In compiling a history of the Argyll and Bute Hospital (originally the Argyll and Bute District Asylum) we decided to concentrate on the social and community aspect that formed around the building and its location in Lochgilphead.
We discovered an abundance of evidence, which showed that the hospital had been a thriving and industrious place where patients were expected to work as this was seen as an important part of treatment.
There were many occupations involved and over the years the hospital had it's own farm, piggery and various workshops where patients were employed subject to their abilities and fitness. It was interesting to note that right at the beginning there was a definite hope for recovery, a sentiment much lauded today, with emphasis placed on the benefits of fresh air and exercise.
The very same things that are being heavily promoted today. One can only speculate on the effect that the belief that patients were being exploited by working which resulted in them being confined to wards for long periods of time.
During the 150 years, which forms the basis for this publication as well as work and exercise, there was also a huge amount of social and recreational activity with outings, dances, parties and the formation of a hospital brass band and choir.
Whilst not wishing to dispute that not everything that happened in the hospital was good and that for some people it was a frightening and unhappy place, it would seem that the good intentions outweighed the bad and the desire to properly care for people with mental ill health was there from the beginning.
Prior to the Lunacy (Scotland) Act of 1857 there were 9 lunatic asylums and 1 pauper asylum in Scotland; of these all but 2 were situated in the eastern half of the country with the remaining 2 being in Glasgow.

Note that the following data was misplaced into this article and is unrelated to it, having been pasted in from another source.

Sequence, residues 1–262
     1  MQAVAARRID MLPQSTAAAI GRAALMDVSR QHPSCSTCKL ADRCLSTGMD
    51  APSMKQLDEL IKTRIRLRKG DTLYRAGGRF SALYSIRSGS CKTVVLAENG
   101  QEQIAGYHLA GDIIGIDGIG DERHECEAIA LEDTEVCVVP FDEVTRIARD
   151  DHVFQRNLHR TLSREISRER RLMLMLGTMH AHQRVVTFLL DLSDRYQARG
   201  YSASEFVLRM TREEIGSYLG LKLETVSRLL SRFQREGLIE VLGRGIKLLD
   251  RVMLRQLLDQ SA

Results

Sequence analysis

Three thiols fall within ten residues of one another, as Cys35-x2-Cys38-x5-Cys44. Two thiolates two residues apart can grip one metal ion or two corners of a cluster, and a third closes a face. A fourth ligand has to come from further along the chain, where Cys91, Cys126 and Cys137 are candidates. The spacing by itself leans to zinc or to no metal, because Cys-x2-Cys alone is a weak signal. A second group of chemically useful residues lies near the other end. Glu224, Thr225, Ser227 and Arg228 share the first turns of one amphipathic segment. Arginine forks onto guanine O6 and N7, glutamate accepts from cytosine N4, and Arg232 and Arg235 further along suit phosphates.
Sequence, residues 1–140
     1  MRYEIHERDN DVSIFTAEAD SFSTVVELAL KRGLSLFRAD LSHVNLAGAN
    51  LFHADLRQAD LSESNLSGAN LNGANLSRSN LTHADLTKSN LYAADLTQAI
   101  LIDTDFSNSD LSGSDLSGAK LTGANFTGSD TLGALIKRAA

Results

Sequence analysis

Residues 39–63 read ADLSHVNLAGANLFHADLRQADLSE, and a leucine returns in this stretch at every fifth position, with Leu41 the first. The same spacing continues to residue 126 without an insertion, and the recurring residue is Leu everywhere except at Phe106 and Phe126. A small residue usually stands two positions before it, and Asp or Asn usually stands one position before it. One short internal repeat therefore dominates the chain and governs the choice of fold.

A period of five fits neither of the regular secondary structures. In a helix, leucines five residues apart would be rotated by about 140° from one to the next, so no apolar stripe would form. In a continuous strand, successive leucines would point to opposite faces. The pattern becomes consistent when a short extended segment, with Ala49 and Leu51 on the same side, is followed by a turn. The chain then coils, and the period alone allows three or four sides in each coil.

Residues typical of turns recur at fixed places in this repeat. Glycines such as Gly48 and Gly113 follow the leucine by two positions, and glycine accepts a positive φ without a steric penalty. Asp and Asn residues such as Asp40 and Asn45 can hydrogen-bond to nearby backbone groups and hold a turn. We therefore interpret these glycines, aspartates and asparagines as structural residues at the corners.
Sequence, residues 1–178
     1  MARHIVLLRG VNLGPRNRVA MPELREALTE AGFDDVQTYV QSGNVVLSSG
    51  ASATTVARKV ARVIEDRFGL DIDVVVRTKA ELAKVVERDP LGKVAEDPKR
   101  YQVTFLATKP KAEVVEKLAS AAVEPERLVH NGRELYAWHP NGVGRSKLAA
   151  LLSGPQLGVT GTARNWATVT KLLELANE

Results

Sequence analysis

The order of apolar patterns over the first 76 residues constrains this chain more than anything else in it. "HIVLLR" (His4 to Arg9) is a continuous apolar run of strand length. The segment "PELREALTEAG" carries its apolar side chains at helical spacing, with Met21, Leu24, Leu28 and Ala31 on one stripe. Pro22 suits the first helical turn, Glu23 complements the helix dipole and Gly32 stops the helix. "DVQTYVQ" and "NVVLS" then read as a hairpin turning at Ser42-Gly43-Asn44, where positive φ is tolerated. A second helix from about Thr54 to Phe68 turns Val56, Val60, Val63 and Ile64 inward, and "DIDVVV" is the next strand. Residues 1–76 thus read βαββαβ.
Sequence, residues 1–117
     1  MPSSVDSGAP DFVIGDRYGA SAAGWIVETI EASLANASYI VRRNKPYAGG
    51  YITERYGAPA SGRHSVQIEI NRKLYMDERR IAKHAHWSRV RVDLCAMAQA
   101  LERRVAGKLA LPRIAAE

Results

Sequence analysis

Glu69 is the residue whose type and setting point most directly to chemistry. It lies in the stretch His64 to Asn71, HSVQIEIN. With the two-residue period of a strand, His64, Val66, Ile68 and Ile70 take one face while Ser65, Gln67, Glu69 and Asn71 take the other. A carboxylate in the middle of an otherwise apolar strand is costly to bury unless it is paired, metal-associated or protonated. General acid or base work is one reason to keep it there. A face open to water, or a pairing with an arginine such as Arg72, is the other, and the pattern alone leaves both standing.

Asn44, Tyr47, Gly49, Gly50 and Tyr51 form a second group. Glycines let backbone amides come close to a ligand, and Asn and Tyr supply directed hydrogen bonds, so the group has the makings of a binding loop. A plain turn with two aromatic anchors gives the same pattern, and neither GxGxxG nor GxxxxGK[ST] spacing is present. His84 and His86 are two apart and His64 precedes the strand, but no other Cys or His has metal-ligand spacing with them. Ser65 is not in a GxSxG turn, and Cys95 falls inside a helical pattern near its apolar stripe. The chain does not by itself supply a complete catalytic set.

The first asylum to be built as a result of the 1957 Act was the Argyll and Bute and lengthy discussions as to its design, size and patient numbers began in April 1860 between the General Board and the Argyllshire District Board.
These discussions lasted for just over a year with various suggestions and ideas put forward regarding all aspects of the new building and not surprisingly many of these were dismissed on cost grounds. Finally, it was decided to build the asylum in one single block and this formed the basis for subsequent asylum building projects. The original plan would accommodate 120 patients.
Before the 1857 Act provision for people with mental ill health was patchy at best. Anybody could open a “madhouse” regardless of their ability or occupation and take "lunatics" into their home to "care" for them!
An early example of care in the community? Needless to say many people suffered abuse and despicable living conditions under this system with some of them being simply a family member who was deemed to be a nuisance. So, after much deliberation, planning and discussion the Argyll and Bute District Asylum opened in June 1863 set upon an elevated site with beautiful views, surrounded by woodlands and was innovative in that it had no boundary “Asylum” walls.
“In memory of all who sought and found sanctuary within Argyll and Bute Hospital and of those whose lives ended here from 1863 to the present day.” - Memorial Plaque in the High wood by J Barnett.